Alphacoronavirus protein 7 modulates host innate immune response.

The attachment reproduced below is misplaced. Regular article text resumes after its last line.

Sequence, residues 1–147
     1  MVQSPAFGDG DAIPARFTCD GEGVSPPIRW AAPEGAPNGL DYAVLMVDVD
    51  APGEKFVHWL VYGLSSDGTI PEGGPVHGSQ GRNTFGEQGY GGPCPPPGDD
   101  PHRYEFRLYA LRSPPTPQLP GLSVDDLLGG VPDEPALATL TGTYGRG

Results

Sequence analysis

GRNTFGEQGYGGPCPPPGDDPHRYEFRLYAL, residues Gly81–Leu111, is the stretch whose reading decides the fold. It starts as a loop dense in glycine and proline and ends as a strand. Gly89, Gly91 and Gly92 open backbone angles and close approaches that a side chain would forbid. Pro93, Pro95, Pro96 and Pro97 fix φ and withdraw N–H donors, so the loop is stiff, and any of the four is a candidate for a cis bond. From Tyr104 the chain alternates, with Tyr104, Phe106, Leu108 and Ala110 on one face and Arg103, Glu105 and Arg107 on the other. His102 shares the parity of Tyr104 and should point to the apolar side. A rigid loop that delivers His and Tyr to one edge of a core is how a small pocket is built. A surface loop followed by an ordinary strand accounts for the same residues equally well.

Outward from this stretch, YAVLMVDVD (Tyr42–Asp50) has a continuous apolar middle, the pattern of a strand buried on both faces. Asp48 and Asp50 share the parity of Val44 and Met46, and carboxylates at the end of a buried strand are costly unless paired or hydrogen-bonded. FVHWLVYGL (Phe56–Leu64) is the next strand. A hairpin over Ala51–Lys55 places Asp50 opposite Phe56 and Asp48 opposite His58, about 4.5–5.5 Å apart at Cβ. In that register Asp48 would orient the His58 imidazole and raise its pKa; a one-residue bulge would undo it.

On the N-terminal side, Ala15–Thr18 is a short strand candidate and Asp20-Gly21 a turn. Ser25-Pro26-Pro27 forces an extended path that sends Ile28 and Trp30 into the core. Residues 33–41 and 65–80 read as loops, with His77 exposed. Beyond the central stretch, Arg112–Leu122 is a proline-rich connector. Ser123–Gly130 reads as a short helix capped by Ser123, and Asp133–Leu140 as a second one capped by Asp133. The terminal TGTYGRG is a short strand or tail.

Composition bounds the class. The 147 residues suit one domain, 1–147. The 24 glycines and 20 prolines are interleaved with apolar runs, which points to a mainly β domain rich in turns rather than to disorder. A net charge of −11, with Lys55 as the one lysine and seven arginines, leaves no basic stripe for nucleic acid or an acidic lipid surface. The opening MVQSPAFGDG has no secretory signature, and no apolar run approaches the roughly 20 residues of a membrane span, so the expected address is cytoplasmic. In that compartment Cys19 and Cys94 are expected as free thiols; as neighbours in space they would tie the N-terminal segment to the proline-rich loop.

ABSTRACT: Innate immune response is the first line of antiviral defense resulting, in most cases, in pathogen clearance with minimal clinical consequences. Viruses have developed diverse strategies to subvert host defense mechanisms and increase their survival. In the transmissible gastroenteritis virus (TGEV) as a model, we previously reported that accessory gene 7 counteracts the host antiviral response by associating with the catalytic subunit of protein phosphatase 1 (PP1c). In the present work, the effect of the absence of gene 7 on the host cell, during infection, was further analyzed by transcriptomic analysis. The pattern of gene expression of cells infected with a recombinant mutant TGEV, lacking gene 7 expression (rTGEV-?7), was compared to that of cells infected with the parental virus (rTGEV-wt). Genes involved in the immune response, the interferon response, and inflammation were upregulated during TGEV infection in the absence of gene 7. An exacerbated innate immune response during infection with rTGEV-?7 virus was observed both in vitro and in vivo. An increase in macrophage recruitment and activation in lung tissues infected with rTGEV-?7 virus was observed compared to cells infected with the parental virus. In summary, the absence of protein 7 both in vitro and in vivo led to increased proinflammatory responses and acute tissue damage after infection. In a porcine animal model, which is immunologically similar to humans, we present a novel example of how viral proteins counteract host antiviral pathways to determine the infection outcome and pathogenesis.